What’s at Stake

Bristol Bay’s regional economy generates $1.5 billion annually from commercial fishing and supports 14,000 fishing jobs. Credit: Nick Hall
Bristol Bay is one of the most popular outdoor recreation destinations for Alaskans, hosting thousands of hunters, fishers, and adventurers from across the state each year. Credit: Nanci Lyon
Bristol Bay also generates thousands of full and part-time tourism and recreation jobs. Credit: K Raymond

Our Economy is at Stake

Bristol Bay is home to one of the most valuable commercial fisheries in the world, as well as vibrant sport fishing, hunting, tourism, and recreation. The Pebble Mine puts thousands of American jobs at risk and endangers the health of deep-rooted Alaskan industries.

  • $1.5 billion annual commercial fishery
  • $90 million in Alaska state taxes and licensing fees
  • 14,000 fishing jobs
  • 7,000 sport fishing and hunting jobs
  • Thousands of full and part-time tourism and recreation jobs
Fresh salmon prepared for smoking. Credit: K Raymond
Bristol Bay is one of the most prolific King Salmon runs on Earth. Credit: K Raymond
50% of the world’s wild sockeye salmon are harvested from Bristol Bay. Credit: K Raymond

Our Salmon are at Stake

Salmon are the backbone of Bristol Bay and essential for sustaining Alaska’s seafood industry. They also play a central role in the cultural and spiritual identity of the Yup’ik, Dena’ina, and Alutiiq peoples, and are critical to their way of life. The Pebble Mine will produce billions of tons of contaminated waste, which will destroy our salmon habitat and permanently impact the many communities and industries that depend on it.

  • 50% of the world’s wild sockeye salmon harvest
  • Average annual return of 40-60 million wild salmon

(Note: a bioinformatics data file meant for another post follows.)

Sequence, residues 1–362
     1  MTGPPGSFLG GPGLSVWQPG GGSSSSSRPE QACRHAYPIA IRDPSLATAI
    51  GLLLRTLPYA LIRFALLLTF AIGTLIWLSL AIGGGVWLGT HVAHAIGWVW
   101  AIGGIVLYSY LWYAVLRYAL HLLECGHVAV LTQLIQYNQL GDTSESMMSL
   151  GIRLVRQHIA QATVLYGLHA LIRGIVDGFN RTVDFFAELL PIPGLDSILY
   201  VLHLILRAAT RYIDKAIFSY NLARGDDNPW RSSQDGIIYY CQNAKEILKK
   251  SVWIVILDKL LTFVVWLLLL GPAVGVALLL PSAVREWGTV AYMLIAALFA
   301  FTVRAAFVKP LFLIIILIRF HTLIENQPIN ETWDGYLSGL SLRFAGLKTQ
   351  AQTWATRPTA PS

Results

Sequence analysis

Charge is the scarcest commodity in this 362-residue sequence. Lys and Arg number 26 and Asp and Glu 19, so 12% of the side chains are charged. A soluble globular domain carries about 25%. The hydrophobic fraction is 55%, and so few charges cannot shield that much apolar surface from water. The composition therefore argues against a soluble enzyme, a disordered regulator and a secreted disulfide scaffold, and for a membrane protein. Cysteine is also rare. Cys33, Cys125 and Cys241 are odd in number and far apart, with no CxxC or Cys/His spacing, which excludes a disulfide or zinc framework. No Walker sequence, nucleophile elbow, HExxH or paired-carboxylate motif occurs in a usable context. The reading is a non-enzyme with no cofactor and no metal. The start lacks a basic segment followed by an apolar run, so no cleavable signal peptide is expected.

• One of the most prolific king salmon runs on Earth
  • Internationally renowned salmon sportfishing destination
  • Supports the world’s highest concentration of brown bears, which depend on the bay’s abundant salmon runs to survive
  • Home to millions of acres of wetlands, lakes, and streams critical for salmon spawning
Alaskan families depend on the irreplaceable resources of Bristol Bay.
Bristol Bay supports the world’s highest concentration of brown bears, which depend on the bay’s abundant salmon runs to survive.
Bristol Bay is home to 31 federally recognized Alaska Native tribes, all of whom rely on fishing, hunting, and gathering of wild foods for their livelihoods.

Our Way of Life is at Stake

The people of Bristol Bay and Alaska depend on the bay’s irreplaceable resources to support their families. The Pebble Mine threatens the way of life of countless generations of Alaskans, particularly for the Indigenous people who have called the region home for thousands of years and are among the last intact and sustainable salmon-based cultures remaining in the world.

  • Traditional territory of 31 federally recognized Yup’ik, Dena’ina, and Alutiiq tribes, all of whom rely on fishing, hunting, and gathering of wild foods for cultural and physical sustenance
  • Every Bristol Bay community depends on the bay’s resources to continue a cultural legacy of living on the land. Annually, they replace up to $143.1 million in food costs through harvests of wild fish, game, and plants
  • The bay has sustained generations of commercial fishing families for 130 years
  • Alaskans from across the state visit Bristol Bay to hunt, fish, and adventure every year

You can help stop Pebble Mine.